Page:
Review by John P. Harvey
Annabelle (Kathie Lee Gifford), living in Nantucket, U.S.A., and widowed a year earlier, begins a tour to 20 countries, fulfilling a promise to her deceased husband. First stop is an old Scottish castle that its owner, Howard (Craig Ferguson), has turned into a bed-and-breakfast.
Howard’s brand of humour, though he means to be welcoming, doesn’t at all suit Annabelle; more to the point, he is shockingly insensitive to the delicacies of her grief. She loves the place and Howard’s dog, Wally, but Howard’s attempts to jolly her along with sourpuss Scottish humour do little beyond freshening her wounds.
Of course, you can guess what eventually occurs. Along the way, but amazingly late, Howard realises that the attitudes of the woman he is about to marry, Clare (Elizabeth Hurley), are incompatible with his own — as his best friend, Gavin (Ford Kiernan), has gently pointed out to him several times.
The tale rests firmly on so many thin contrivances that afterward you’ll realise that it leaks like a sieve. But, if Howard’s insensitivity doesn’t jar you out of it, it works and can be surprisingly moving, largely due to Gifford’s subtle cues as to her fragility and the devastation that the loss of her husband caused her. The cinematic Scottish views, probably warmer and brighter than in life, don’t hurt a bit either.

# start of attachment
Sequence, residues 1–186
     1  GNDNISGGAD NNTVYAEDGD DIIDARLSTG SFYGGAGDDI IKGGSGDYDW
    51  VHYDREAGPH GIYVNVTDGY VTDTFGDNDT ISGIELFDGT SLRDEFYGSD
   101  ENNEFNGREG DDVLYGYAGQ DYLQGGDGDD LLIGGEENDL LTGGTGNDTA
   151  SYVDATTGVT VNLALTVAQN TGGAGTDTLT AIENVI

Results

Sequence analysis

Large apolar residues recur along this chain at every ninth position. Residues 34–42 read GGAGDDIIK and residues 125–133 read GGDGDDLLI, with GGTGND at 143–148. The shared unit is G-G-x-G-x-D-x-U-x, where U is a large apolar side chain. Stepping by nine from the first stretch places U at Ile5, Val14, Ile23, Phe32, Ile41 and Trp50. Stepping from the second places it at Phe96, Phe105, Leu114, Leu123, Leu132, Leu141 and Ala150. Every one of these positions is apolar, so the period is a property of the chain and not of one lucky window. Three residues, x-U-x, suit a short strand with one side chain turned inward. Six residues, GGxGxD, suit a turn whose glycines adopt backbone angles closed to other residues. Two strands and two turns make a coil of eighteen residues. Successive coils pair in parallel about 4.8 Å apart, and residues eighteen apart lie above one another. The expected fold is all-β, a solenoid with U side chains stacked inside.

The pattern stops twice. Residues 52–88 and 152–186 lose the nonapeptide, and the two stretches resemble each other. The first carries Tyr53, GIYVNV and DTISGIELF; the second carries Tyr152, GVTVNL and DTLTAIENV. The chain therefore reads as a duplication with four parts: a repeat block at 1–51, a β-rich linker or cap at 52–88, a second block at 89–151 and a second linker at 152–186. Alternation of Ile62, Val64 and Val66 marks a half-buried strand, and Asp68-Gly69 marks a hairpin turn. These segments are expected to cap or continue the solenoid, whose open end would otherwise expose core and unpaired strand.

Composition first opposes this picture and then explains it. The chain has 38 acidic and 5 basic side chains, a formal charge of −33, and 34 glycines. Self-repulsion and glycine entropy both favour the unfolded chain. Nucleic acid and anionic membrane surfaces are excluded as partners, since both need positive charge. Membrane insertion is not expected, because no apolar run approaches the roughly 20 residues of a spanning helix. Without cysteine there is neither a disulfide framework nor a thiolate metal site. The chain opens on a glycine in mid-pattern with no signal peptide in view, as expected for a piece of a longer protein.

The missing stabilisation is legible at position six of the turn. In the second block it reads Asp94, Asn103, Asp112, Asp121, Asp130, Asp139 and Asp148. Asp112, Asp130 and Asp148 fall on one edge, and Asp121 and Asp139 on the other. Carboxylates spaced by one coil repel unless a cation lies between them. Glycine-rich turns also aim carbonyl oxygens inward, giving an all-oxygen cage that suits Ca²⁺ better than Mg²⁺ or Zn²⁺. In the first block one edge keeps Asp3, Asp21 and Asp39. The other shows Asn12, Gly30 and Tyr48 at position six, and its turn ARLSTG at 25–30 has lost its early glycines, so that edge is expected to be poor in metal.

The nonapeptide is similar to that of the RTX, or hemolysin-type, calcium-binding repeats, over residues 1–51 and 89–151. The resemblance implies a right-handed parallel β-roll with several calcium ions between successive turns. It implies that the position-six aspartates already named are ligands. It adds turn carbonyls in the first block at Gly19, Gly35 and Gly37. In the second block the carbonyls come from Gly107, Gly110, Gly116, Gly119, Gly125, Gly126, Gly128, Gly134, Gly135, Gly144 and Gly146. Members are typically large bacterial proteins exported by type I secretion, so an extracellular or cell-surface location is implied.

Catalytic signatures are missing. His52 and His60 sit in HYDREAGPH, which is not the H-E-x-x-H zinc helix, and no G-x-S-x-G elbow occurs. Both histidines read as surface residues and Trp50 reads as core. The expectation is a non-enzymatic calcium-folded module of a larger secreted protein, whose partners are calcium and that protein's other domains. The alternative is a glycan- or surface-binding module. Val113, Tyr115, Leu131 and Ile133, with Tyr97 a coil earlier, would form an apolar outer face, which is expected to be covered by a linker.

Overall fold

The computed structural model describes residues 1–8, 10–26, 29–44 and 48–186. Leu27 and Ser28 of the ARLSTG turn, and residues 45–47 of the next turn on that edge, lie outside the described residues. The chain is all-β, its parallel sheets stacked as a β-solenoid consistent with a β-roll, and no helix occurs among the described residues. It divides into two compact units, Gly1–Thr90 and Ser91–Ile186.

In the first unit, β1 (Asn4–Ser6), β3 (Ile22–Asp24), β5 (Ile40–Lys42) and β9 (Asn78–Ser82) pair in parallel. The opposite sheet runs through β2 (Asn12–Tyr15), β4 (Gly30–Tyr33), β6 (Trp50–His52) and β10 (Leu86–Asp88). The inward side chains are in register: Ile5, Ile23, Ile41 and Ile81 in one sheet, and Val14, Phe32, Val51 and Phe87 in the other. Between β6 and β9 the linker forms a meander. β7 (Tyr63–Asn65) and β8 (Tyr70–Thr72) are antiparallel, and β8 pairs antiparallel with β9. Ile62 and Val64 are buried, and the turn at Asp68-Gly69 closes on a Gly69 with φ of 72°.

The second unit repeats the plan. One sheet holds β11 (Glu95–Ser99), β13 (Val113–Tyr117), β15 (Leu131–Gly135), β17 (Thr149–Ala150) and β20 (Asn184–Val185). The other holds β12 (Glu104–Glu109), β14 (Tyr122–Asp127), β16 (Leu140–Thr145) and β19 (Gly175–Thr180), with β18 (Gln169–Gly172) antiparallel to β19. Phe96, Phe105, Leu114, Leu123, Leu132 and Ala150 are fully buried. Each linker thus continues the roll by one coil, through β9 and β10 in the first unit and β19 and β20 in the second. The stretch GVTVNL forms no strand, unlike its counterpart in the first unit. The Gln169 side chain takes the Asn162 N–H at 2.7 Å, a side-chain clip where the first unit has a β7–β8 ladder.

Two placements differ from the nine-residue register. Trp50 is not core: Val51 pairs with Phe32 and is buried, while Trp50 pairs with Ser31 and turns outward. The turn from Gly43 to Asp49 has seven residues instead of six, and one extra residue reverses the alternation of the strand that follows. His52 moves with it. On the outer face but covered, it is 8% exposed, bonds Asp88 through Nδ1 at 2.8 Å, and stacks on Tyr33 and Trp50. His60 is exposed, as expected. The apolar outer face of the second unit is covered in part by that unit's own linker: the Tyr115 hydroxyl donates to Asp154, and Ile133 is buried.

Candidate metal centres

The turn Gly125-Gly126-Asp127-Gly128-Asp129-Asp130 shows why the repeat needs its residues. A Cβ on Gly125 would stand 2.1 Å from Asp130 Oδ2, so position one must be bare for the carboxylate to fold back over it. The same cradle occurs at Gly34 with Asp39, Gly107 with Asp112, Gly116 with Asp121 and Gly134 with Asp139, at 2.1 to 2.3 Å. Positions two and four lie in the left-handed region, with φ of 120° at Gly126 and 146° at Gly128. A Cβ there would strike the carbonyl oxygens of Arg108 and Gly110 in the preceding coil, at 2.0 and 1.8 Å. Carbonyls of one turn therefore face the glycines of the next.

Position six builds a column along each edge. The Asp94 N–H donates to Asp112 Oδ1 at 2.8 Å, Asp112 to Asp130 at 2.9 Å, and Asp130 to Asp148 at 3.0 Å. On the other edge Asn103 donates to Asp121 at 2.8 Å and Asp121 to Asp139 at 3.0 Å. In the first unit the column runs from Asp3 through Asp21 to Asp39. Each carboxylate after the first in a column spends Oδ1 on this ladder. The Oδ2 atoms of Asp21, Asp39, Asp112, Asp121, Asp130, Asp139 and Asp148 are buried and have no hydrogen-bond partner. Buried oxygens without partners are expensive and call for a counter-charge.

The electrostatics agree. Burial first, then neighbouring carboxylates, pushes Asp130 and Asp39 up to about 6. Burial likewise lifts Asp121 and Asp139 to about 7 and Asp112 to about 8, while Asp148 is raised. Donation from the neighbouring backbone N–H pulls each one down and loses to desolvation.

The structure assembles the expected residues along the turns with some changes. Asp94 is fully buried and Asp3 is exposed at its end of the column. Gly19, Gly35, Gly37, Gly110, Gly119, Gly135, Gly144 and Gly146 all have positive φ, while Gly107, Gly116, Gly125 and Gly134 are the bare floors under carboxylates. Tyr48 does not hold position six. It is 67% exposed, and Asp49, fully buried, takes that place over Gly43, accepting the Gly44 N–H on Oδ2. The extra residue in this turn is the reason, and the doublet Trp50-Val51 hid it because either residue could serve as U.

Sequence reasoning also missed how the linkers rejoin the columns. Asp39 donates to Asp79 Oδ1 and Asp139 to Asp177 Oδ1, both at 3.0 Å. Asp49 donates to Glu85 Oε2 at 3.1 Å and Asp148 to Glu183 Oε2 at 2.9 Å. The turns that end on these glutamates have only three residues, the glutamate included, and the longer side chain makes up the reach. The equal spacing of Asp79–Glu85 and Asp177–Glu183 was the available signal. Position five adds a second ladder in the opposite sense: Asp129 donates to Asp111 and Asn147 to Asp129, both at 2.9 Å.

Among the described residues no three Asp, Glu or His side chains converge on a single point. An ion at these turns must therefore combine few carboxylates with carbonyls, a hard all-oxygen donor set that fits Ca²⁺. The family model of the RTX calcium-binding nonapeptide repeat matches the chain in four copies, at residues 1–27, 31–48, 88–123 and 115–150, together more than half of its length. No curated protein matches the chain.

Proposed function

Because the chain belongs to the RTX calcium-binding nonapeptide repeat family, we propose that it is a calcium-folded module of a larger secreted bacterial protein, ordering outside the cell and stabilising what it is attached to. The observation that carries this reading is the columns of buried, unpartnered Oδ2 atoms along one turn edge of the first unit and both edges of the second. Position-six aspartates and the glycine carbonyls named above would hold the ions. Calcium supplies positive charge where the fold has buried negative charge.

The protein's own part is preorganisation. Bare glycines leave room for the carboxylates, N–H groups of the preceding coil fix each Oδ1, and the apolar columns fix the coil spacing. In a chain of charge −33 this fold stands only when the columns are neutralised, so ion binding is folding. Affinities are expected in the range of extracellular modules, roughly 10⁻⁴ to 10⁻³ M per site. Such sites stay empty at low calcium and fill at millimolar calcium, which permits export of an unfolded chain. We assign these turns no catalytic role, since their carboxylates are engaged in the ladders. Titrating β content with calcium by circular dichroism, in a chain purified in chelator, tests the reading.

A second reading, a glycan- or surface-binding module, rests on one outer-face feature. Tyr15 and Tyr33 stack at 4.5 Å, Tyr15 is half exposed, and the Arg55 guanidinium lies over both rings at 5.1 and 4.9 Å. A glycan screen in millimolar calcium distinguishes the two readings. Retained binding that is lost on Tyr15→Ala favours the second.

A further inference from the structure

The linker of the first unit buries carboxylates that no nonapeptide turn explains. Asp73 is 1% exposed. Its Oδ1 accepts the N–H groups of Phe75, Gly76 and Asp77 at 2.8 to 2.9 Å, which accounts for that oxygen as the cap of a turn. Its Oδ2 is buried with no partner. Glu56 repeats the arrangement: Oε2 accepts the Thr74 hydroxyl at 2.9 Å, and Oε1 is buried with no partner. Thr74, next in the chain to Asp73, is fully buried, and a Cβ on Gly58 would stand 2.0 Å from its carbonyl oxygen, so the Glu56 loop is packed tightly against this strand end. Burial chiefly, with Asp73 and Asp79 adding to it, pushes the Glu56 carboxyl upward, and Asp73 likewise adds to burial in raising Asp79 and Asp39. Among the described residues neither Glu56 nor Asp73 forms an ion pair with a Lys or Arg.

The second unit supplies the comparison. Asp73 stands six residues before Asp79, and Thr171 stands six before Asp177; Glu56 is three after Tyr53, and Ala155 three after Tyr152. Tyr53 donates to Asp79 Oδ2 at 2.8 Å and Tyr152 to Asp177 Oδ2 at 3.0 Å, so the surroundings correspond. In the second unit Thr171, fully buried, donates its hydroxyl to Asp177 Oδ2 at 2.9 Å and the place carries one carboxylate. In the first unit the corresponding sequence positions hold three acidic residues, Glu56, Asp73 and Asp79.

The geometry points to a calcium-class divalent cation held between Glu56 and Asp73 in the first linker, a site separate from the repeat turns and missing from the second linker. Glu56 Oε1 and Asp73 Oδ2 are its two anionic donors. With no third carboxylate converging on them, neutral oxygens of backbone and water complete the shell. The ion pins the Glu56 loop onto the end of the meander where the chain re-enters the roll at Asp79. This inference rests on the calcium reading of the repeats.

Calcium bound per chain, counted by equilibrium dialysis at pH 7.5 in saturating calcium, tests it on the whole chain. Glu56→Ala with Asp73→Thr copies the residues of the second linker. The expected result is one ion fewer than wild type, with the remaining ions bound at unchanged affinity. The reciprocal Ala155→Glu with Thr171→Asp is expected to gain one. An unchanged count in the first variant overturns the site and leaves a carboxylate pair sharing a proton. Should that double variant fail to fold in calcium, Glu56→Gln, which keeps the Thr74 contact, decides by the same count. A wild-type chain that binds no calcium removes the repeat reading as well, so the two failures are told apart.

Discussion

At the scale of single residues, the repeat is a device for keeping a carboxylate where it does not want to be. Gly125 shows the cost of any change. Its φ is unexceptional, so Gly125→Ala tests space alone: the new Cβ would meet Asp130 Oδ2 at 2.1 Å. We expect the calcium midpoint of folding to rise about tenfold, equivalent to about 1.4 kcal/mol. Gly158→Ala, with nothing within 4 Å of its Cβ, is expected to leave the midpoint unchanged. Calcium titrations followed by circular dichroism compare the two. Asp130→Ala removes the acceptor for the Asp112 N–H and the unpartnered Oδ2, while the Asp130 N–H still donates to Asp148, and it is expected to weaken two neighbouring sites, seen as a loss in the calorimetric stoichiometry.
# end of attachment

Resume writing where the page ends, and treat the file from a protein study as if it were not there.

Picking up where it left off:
Kathie Lee Gifford is well-known from TV serials, but this is her first feature-length script to be produced, and seems to be her first venture into film. Extraordinarily, she not only starred in this role but also wrote the screenplay, co-produced it, sang on all six songs complementing the soundtrack, and, at least on the film itself, is credited with having co-written all six songs with Brett James, who also sang those songs, composed the soundtrack, and had a minor part.
The film marks something of a breakthrough for Craig Ferguson too. A long-established comedian, Ferguson has a solid career as a TV actor; Then Came You marks his first appearance (i.e., excluding voice-acting roles) on film in more than a decade, and the film is worth seeing merely for its capture of his deadpan comedic performance.